Congressional Dems are taunting Republicans, daring them to stand in the way.
"They need to be reminded that actions have consequences," said Jim Manley, spokesman for Senate Majority Leader Harry Reid.
White House Press Secretary Robert Gibbs has said the whole thing could be over by May. And in at least one private meeting, President Obama has let it be known that he doesn't want the legislation to become terribly watered down in the Senate--and thinks that's a reasonable goal.
The House has passed its version of the legislation, Senate Banking Committee Chairman Chris Dodd has drafted a package of his own, and all Democrats have to do at this point is peel off one or two Republicans make a few tweaks and bring the thing up for a vote, right?
As you might expect, things aren't as straightforward as they seem.
A number of Republicans have predicted that a bill will pass the Senate, but thus far, not a single one of them has indicated that they'll break with their party and help Democrats pass the bill they want. In fact, experts and consultants say Republicans will almost certainly stand together to block a bill unless one element of the bill--the proposed Consumer Financial Protection Agency--is scaled back. At the very least.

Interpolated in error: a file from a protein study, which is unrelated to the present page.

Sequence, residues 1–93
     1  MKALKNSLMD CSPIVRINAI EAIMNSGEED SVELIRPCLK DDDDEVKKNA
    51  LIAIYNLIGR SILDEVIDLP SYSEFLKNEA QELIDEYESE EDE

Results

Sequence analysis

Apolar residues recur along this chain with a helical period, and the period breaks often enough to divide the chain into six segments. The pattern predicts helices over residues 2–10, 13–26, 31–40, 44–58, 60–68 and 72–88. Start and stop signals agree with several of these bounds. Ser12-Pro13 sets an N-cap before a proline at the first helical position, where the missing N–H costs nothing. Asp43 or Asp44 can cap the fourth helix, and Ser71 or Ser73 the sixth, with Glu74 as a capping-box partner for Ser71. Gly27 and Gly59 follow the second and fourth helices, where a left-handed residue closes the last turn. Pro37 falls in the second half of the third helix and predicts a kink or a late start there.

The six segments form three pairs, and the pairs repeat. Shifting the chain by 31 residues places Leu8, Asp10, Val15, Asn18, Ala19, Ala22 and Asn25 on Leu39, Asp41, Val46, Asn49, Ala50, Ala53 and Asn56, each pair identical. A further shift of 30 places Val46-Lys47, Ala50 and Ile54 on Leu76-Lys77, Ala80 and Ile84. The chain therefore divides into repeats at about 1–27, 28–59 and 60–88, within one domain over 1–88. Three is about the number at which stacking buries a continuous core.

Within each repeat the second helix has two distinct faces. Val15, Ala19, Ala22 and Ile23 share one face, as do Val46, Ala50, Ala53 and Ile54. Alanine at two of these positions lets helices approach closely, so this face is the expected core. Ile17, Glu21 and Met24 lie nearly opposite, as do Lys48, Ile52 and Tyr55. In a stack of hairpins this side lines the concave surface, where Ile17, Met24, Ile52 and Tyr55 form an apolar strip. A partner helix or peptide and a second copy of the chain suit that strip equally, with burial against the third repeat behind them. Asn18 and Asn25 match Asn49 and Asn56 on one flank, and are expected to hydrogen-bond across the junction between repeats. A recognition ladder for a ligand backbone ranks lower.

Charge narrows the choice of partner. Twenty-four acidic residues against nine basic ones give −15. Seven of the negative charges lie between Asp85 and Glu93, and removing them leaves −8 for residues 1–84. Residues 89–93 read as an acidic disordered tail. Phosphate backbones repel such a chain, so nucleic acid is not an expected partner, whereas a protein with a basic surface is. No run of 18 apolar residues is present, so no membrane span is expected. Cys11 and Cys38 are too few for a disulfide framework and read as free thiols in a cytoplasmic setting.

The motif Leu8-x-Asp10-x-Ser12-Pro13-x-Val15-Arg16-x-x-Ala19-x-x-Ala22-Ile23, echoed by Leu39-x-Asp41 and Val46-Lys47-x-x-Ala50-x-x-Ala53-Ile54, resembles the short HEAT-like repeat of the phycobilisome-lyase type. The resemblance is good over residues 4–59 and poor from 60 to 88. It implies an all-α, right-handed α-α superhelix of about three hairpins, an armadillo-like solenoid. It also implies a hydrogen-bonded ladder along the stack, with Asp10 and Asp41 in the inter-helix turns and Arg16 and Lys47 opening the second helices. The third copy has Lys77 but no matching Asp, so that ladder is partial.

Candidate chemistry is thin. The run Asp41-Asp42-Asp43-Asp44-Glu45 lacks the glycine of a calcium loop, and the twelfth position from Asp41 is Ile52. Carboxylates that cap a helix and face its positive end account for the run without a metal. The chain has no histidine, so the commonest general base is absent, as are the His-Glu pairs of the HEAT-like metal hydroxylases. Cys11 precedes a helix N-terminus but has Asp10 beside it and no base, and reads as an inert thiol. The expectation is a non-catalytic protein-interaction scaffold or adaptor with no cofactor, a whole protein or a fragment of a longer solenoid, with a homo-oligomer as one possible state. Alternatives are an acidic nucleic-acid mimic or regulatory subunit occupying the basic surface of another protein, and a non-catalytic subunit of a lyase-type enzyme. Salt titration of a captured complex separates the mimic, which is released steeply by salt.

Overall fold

Right now, Senate Banking Committee Chairman Chris Dodd is sounding out his Republican counterpart Richard Shelby to see if he can reach an agreement on a compromise bill that has guaranteed Republican support. But bipartisan negotiations have broken down repeatedly on this issue in the past several months, and much of the good will is gone.
If the two parties can't reach agreement, Democrats and Republicans will find themselves in a game of chicken over a politically charged issue, with Democrats insisting Republicans are standing with bankers to block Wall Street reform, hoping that enough moderates join them to break a filibuster.
Even if that happens, though, there may still well be a largely partisan food fight on the Senate floor, with Republicans forcing tough votes on charged issues (think Fannie Mae and Freddie Mac).
Regardless of how it plays out, Democrats will have to keep the bill from diverging too sharply from the House's product if the two are to be easily reconciled.
A May end date isn't out of the question, of course. It's just worth keeping in mind that legislating gets ugly, and it's always dangerous to pre-emptively dance in the endzone.